TPP negotiations were conducted in  secret to circumvent the massive popular opposition that repeatedly shut down WTO negotiations. However thanks to Wikileaks, which leaked portions of the secret TPP text over a period years, TPP is highly unlikely to be ratified owing to massive popular opposition to TPP in all 12 partner countries.*** (See Rock Against the TPP)


*The North American Free Trade Agreement (NAFTA) is an agreement signed by Canada, Mexico, and the United States, creating a trilateral rules-based trade bloc in North America.

**Community-supported agriculture (CSA) is an alternative, locally based economic model of agriculture and food distribution in which consumers advance purchase a share in a farmer’s crop and receive regular distributions of fresh fruits and vegetables in season. (See Top 10 Reasons to Join a CSA)

***Both Donald Trump and Hillary Clinton officially oppose TPP.

 

Fighting Monsanto in India

Bullshit!

Pea Holmquist and Suzanne Kardalian (2005)

Film Review

Bullshit! is about Indian environmental activist Vendana Shiva. It takes its title from the “Bullshit Award” she received from a pro-Monsanto lobby group in 2004. Despite the intended insult (they sent the cow dung through the mail), Vendana was thrilled. Cow dung is revered in rural India, where it’s used as fuel and mixed with mud to construct water tight walls and flooring.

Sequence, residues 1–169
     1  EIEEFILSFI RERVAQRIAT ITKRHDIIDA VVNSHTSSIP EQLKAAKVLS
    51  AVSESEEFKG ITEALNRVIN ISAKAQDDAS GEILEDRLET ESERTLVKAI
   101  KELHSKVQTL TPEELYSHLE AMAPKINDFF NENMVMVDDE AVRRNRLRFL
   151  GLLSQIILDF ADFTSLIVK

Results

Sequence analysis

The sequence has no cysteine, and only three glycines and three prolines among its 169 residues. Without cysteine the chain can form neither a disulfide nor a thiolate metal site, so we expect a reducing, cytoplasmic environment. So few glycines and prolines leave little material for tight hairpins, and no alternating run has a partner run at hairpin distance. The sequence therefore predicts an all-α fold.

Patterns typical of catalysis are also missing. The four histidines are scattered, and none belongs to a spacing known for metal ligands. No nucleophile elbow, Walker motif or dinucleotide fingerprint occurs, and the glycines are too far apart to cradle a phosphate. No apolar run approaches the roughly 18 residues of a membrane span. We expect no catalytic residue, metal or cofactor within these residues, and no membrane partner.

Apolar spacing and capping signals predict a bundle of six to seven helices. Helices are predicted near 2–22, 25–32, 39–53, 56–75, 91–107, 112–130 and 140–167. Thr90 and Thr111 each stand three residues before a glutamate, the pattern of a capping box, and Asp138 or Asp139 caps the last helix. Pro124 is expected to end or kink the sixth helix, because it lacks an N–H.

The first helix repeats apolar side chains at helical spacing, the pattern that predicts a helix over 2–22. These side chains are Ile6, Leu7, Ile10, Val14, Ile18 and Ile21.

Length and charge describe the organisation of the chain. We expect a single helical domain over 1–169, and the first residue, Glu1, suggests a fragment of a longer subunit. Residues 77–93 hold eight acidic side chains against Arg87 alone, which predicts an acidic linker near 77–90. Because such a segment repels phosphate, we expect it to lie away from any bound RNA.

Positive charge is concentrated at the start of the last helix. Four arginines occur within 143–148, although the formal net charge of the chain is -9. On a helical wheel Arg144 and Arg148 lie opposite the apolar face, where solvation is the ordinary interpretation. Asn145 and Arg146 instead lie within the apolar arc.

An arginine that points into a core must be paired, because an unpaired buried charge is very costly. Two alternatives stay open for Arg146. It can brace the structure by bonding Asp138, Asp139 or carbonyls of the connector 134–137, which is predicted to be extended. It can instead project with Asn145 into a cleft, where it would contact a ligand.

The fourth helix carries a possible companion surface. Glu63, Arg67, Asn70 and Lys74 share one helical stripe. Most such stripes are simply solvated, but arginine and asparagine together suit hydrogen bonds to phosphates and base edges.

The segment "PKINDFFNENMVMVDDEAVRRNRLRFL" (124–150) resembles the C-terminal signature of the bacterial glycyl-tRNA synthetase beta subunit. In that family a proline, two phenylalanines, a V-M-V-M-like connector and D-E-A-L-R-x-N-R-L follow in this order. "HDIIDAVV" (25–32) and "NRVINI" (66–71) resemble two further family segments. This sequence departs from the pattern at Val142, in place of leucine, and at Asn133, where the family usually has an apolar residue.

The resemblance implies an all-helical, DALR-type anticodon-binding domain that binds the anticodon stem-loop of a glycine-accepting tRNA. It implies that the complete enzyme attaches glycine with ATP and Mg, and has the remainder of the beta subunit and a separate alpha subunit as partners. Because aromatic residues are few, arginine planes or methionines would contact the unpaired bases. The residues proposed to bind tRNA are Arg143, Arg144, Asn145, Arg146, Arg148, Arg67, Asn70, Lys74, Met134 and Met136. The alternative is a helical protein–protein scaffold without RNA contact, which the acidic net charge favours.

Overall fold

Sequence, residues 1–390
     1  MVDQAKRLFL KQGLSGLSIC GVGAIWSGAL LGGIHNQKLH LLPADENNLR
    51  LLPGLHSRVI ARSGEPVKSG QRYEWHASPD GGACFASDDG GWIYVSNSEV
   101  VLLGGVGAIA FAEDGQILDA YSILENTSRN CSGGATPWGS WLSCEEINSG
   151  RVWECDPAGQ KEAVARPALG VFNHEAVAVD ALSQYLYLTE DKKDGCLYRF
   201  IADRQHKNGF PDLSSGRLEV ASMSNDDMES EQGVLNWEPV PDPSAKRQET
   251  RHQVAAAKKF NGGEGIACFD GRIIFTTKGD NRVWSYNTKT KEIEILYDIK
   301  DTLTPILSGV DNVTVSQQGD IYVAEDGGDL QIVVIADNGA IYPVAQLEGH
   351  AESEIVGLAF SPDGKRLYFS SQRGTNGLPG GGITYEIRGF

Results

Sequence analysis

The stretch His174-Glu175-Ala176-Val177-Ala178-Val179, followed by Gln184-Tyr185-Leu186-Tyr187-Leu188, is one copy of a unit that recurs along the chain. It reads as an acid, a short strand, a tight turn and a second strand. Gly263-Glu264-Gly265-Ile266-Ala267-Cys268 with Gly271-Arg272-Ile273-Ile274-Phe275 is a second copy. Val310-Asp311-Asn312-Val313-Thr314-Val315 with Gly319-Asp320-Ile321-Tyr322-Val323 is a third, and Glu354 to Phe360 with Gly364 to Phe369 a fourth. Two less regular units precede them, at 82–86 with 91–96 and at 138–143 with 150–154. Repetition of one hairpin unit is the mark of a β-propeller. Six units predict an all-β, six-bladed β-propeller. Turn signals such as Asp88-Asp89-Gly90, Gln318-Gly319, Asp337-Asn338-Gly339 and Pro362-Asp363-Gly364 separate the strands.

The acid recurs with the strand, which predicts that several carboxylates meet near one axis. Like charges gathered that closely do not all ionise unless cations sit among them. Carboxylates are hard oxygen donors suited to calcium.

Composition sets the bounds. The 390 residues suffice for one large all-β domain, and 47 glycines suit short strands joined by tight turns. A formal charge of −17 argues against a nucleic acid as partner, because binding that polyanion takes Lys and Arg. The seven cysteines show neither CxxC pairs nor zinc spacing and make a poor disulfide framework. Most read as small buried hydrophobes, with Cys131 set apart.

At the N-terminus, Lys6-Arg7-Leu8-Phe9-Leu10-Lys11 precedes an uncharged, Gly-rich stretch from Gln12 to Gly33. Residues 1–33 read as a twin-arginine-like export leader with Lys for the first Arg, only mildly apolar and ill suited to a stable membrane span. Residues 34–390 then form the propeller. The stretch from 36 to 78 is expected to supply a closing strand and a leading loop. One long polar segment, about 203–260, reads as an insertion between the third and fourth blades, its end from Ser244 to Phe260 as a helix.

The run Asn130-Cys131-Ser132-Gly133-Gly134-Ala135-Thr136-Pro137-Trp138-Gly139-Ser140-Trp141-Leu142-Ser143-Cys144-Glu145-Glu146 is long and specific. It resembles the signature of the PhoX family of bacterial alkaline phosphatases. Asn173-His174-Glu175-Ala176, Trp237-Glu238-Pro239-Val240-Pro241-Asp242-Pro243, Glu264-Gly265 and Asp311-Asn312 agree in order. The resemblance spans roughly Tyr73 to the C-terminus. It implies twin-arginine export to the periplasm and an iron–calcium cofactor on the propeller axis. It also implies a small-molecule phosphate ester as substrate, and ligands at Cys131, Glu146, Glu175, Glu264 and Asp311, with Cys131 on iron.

The film traces how Vendana abandoned nuclear physics in 1985 to start the Novdanya Institute, dedicated to reclaiming native plants and seeds as a commons for people to enjoy collectively – instead of a private commodity to increase the profits of multinational seed companies like Monsanto.

Novdanya runs a seed bank called The School of Nine Seeds. Its primary purpose is to preserve rare and heritage seeds that have been large replaced by a handful of hybrid monoculture crops. With growing water scarcity, Novdanya places special emphasis on drought resistant millets with a high protein content.

Another high priority for Vendana is her battle against Monsanto’s campaign to flood India, an early target starting in the late nineties, with GMO crops. Many Indian farmers have bankrupted themselves purchasing GMO seeds, particularly Roundup-ready varieties. When the high yields they were promised failed to eventuate, thousands committed suicide.*

Bullshit! also profiles Vendana’s role in the antiglobalization movement, particularly the anti-WTO protest in Cancun Mexico in September 2003. The public suicide of Korean farmer Lee Kyung-Hae was instrumental in galvanizing opposition from third world farmers against WTO provisions enabling the US to destroy local markets by dumping cheap agricultural products in third world countries.

In 2000 Vendana collaborated with Greenpeace to force the EU to revoke a patent they had granted Monsanto on the neem tree and an ancient variety of Indian wheat.

The film  ends by highlighting Shiva’s involvement, along with other high profile antiglobalization activists (including Canadian water activist Maude Barlow and French farmer Jose Bove) in a 640-day sit down strike to shut down a Coca Cola bottling plant that was illegal depleting a fresh water aquifer.


*According to New Dehli TV, close to 300,000 Indian farmers have committed suicide since 1995.
** The final breakdown of the so-called “Doha Round” of WTO negotiations in 2008 would eventually lead the US to promote the Transpacific Partnership Agreement (TPPA) and Transatlantic Trade and Partnership Initiative (TTPI) in its place.